CHENNAI: Good afternoon Dr. Kurpad, Dr. Mohan, and all those involved in the prevention of non-communicable diseases here in India and worldwide.
It is my great pleasure to participate in this important seminar hosted by the Madras Diabetes Research Foundation – and to honor Dr. Kurpad of the St. John’s Research Institute in Bangalore.
This seminar is an excellent example of the international health partnerships forging the way to address global health challenges.
I have had the honor to be invited by Dr. Mohan to several MDRF seminars over the last two and half years, and at this point – I think I can be accurately labelled a “MDRF groupie!”
As this group of professionals is well aware, the health of a country is linked to the health of its people. Health is a priority for both the United States and India and one of the key pillars of our strategic partnership.
The United States and India not only work closely together to combat communicable diseases and malnutrition, but we are partnering on a wide-ranging initiatives to counter the concerning trend of a marked increase in chronic non-communicable diseases (NCDs), to include diabetes, cardiovascular diseases, cancers, and mental illness.
This last September, President Barack Obama and First Lady Michelle Obama, a champion of diabetes prevention domestically, hosted Prime Minister Manmohan Singh and Mrs. Gursharan Kaur at the White House and discussed the importance of our cooperation in global health security. Our U.S.-India health cooperation encompasses multiple initiatives such as:
- the completion of 25 years of the Vaccine Action Program, a collaborative research venture between our two countries;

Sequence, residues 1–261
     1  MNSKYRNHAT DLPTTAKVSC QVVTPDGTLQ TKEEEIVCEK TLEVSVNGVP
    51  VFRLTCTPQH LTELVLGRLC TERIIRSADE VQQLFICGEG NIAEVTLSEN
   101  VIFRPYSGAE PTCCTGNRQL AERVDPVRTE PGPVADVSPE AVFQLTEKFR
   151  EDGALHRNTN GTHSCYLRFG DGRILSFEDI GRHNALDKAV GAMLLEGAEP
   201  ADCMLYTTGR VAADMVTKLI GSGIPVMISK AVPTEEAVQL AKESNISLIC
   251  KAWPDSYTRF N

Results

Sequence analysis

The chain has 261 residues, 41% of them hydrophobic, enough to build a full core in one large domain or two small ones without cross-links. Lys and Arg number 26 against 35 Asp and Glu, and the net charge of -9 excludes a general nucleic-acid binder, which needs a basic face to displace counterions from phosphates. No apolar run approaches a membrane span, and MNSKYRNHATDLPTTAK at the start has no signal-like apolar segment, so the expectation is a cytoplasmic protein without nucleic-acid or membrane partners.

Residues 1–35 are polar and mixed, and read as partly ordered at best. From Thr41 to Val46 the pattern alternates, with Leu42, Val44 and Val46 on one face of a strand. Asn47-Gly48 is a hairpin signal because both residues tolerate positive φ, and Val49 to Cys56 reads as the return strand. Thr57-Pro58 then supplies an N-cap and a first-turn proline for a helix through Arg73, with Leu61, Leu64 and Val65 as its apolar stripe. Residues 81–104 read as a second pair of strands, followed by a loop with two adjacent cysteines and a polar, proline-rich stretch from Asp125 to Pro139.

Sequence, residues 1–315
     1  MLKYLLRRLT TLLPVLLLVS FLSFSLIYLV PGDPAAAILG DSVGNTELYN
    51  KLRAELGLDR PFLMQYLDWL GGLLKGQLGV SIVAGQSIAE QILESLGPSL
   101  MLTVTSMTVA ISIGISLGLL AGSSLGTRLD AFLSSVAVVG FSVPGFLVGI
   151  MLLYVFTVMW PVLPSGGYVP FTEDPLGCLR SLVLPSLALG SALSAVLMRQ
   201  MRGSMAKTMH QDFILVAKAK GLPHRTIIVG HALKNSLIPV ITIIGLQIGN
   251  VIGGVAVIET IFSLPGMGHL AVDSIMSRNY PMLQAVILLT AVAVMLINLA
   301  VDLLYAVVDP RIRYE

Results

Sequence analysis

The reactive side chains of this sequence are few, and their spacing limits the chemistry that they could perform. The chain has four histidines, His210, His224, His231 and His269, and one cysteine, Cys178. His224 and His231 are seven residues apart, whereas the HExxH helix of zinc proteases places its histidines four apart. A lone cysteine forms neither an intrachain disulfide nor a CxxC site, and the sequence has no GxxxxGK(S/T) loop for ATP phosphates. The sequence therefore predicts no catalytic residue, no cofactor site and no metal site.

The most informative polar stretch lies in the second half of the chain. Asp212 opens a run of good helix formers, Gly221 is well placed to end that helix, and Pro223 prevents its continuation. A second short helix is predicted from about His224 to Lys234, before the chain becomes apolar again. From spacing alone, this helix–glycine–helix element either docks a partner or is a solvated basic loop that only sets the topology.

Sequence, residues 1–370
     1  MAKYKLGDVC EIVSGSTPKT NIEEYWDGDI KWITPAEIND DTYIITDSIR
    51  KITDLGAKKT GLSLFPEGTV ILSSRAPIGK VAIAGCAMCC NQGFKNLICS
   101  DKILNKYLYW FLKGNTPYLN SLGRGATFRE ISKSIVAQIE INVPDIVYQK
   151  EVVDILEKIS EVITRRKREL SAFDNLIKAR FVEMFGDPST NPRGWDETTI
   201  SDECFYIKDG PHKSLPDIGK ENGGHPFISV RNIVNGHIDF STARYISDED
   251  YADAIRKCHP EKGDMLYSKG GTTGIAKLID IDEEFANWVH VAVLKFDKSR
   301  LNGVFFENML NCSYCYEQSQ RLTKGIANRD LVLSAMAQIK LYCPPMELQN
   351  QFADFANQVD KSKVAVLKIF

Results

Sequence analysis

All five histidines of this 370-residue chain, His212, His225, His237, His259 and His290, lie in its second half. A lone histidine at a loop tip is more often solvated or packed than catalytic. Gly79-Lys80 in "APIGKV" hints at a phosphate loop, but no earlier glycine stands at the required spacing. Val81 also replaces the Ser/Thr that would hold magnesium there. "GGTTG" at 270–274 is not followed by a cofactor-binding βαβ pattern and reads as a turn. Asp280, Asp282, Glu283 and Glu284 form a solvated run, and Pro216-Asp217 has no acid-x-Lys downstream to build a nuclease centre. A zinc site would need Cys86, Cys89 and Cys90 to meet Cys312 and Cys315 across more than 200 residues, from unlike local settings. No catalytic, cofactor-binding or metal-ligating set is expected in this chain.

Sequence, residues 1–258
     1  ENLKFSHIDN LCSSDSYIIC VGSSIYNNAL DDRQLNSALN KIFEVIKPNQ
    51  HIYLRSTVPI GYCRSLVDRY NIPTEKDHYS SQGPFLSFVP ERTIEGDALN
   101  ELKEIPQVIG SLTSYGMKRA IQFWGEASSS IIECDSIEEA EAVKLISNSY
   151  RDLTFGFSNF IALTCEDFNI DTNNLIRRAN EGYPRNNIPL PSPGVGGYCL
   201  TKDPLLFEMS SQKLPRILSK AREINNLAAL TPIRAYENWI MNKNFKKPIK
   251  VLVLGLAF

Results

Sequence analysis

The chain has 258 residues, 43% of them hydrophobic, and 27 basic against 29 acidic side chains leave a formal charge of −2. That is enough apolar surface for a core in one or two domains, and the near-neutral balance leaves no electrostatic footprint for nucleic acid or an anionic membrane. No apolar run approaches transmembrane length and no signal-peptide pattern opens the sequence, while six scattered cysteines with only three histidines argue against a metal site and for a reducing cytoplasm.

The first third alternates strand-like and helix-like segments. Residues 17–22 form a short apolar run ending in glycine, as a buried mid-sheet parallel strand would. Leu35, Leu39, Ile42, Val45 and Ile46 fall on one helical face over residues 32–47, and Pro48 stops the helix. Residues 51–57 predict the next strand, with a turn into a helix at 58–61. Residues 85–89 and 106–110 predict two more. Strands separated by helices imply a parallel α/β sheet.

- the establishment of the Global Disease Detection India Center, announced by Prime Minister Singh and President Obama in November 2010;
- the proposed collaboration between the Department of Biotechnology of India and the U.S. Department of Health and Human Services on stem cell regenerative medicine research;
- and the collaboration between the U.S. Department of Health and Human Services and the Indian Ministry of Health and Family Welfare on Diabetes Research.
Specifically in the areas of diabetes, our U.S. Health and Human Services Secretary Kathleen Sebelius and India’s Health and Family Welfare Minister Ghulam Nabi Azad signed a joint statement in June 2012, to begin a formal research relationship between the National Institutes of Health and the Indian Council of Medical Research to accelerate efforts to better understand the mechanisms underlying diabetes, and to identify innovative solutions to prevent and treat the disease.
Since my arrival in 2011 as Consul General in South India, I have had the opportunity to see first-hand the robust U.S.-India health partnership at work at the local level.
Just last week, we welcomed to Bangalore U.S. Nobel Laureate and Director of the U.S. National Cancer Institute Dr. Harold Varmus where he met with a number of health professionals to discuss cooperative efforts in cancer research, prevention and treatment and he emphasized the need for greater global collaboration.
And our National Institutes for Health currently funds over 40 research grant projects in South India ranging across shared health challenges like HIV/AIDs, cancer, diabetes, mental health and nutrition, among others.
Among NIH’s long-standing partners in the South are the Madras Diabetes Research Foundation and St. John’s Research Institute.
These grants bring together our countries’ foremost health professionals and I’m really pleased that also here at this seminar tonight are our U.S. medical professionals and academics from the Florida International University, University of Alabama, Birmingham, and University of Minnesota.
I commend you all for your important work in expanding knowledge and education for preventing and controlling non-communicable diseases.
I am certain that your efforts to expand awareness for the prevention of these diseases now will benefit our future generations who deserve a healthy life.